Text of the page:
Canadian writerDied when: 77 years 48 days (925 months)
Star Sign: Virgo
Charles William Gordon, or Ralph Connor, (September 13, 1860 – October 31, 1937) was a Canadian novelist, using the Connor pen name while maintaining his status as a church leader, first in the Presbyterian and later the United Church in Canada.
Gordon was born in Glengarry County, Ontario, and was the son of Rev.Daniel Gordon (1822–1910) and Mary Robertson Gordon (d. 1890).
His father was a Free Church of Scotland Missionary in Upper Canada.While at Knox College, Gordon was inspired by a lecture given by Superintendent Robertson about the challenges in the West, leading him to pursue his summer mission work there, and ultimately to spend his life on reform and mission work in Western Canada.
Gordon's views were largely shaped by Robertson, who believed that the settlers lax attitudes towards irregular church services and lukewarm spirituality could only be remedied by missionaries.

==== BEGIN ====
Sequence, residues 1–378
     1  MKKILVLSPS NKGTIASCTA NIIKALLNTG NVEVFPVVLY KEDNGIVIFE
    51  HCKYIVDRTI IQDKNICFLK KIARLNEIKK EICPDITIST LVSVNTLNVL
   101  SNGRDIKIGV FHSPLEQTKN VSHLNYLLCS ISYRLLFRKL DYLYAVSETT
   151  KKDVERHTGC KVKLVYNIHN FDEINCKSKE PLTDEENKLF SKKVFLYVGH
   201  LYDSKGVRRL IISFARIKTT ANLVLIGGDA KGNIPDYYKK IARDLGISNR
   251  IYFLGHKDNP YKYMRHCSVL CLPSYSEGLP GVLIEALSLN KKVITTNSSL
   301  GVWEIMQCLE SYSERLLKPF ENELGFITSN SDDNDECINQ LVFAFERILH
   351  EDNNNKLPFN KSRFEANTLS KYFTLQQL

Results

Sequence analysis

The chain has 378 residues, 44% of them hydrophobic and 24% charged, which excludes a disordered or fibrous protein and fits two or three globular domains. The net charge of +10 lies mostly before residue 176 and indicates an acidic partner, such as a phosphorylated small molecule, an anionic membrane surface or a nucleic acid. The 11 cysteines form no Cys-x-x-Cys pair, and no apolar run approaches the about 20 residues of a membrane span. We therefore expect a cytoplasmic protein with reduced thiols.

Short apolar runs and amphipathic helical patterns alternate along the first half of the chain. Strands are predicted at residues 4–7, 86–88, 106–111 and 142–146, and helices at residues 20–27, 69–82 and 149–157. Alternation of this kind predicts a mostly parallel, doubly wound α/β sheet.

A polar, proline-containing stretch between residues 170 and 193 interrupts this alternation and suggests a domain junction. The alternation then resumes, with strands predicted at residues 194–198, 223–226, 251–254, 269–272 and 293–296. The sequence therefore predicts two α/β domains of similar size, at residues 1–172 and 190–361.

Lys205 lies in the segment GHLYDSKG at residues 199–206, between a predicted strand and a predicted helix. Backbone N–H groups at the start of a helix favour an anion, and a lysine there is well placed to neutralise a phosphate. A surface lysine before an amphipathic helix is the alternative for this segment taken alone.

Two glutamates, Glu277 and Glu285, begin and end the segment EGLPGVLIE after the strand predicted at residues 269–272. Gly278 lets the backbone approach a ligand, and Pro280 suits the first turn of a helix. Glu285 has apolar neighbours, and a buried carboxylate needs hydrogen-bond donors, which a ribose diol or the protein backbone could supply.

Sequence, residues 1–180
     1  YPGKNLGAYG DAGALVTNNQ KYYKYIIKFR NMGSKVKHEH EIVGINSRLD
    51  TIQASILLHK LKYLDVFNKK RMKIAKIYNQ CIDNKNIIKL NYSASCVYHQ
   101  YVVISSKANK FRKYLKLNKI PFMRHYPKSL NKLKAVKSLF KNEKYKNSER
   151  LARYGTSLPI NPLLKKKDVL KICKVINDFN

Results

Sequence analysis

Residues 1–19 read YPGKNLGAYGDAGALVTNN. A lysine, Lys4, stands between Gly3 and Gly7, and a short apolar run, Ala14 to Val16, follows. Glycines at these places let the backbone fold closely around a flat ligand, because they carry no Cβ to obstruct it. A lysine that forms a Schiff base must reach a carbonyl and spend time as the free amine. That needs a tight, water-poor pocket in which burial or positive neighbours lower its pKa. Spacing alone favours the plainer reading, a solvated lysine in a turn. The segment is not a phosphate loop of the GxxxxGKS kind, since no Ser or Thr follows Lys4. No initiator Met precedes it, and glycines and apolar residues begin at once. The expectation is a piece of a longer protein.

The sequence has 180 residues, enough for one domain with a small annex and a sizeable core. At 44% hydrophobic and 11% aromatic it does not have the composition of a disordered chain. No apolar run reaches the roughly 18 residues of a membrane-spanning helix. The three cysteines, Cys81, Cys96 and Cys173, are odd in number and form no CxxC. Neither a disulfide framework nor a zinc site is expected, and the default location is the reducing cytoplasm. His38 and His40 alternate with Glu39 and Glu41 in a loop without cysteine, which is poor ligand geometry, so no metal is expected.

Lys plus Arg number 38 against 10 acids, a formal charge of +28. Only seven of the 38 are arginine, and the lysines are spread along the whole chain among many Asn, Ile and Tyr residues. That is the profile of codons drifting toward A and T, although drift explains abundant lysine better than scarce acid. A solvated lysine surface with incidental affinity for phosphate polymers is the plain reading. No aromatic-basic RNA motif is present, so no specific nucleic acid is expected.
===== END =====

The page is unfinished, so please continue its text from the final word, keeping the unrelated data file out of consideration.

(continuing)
Gordon felt called to be one of these missionaries and establish not only churches, but Christian social and moral reform in Western Canada.
To this end, Gordon completed his theological training in Edinburgh, Scotland, where he was even further affirmed in his desire to bring the church to Western Canada.
The theological atmosphere in Scotland during the 1870s and 1880s was increasingly liberal.This movement towards harmonizing traditional Christian doctrine with modern advancements, such as science and evolution, greatly appealed to Gordon.
He became an influential proponent of social reform in the West, as well as for the union of the churches.
The union, which resulted in the formation of the United Church of Canada in the 1920s, was a response to the increasing liberalization and secularization growing in prevalence especially in Canada.
Gordon's views of Western Canada were intricately connected to his views of religion and Christianity.His social and reform work were rooted in his call to ministry and his desire to see Canada united both in faith and in Nation.
The difficulties on the mission fields of the Canadian West were motivating factors for his fiction writing, and he successfully had many of his writings published and sold.